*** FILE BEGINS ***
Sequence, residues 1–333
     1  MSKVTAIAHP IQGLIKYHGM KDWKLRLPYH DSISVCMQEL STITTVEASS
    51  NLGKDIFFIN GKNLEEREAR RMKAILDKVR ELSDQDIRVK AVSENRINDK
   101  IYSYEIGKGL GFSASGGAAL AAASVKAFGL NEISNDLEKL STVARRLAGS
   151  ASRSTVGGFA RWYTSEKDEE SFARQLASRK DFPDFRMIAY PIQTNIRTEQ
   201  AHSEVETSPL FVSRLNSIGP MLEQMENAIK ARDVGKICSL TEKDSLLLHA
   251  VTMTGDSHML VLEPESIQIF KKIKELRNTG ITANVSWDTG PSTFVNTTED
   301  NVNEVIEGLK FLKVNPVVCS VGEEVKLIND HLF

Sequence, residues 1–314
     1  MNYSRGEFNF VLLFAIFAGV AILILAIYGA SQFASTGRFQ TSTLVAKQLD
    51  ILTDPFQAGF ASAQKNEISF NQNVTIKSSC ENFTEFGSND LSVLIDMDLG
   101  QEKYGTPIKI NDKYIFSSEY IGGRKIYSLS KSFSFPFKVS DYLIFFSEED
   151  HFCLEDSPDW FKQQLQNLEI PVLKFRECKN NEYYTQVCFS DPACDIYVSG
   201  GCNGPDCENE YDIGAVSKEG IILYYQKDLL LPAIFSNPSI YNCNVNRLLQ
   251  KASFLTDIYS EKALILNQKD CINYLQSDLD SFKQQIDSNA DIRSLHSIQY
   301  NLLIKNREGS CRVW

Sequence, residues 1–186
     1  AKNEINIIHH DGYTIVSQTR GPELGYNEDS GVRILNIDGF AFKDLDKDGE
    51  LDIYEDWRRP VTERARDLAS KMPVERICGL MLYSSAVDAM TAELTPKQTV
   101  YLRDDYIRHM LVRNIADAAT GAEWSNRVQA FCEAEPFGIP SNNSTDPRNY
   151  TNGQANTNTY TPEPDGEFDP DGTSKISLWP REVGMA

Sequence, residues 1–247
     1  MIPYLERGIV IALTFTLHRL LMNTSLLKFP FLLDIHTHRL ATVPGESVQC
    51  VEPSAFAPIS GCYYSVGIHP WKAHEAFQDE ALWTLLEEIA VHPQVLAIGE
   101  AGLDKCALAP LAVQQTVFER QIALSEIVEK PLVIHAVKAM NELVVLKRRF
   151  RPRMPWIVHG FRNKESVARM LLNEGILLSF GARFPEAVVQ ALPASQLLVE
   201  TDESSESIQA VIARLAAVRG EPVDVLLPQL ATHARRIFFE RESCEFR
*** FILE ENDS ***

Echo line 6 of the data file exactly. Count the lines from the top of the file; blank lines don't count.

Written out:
   201  AHSEVETSPL FVSRLNSIGP MLEQMENAIK ARDVGKICSL TEKDSLLLHA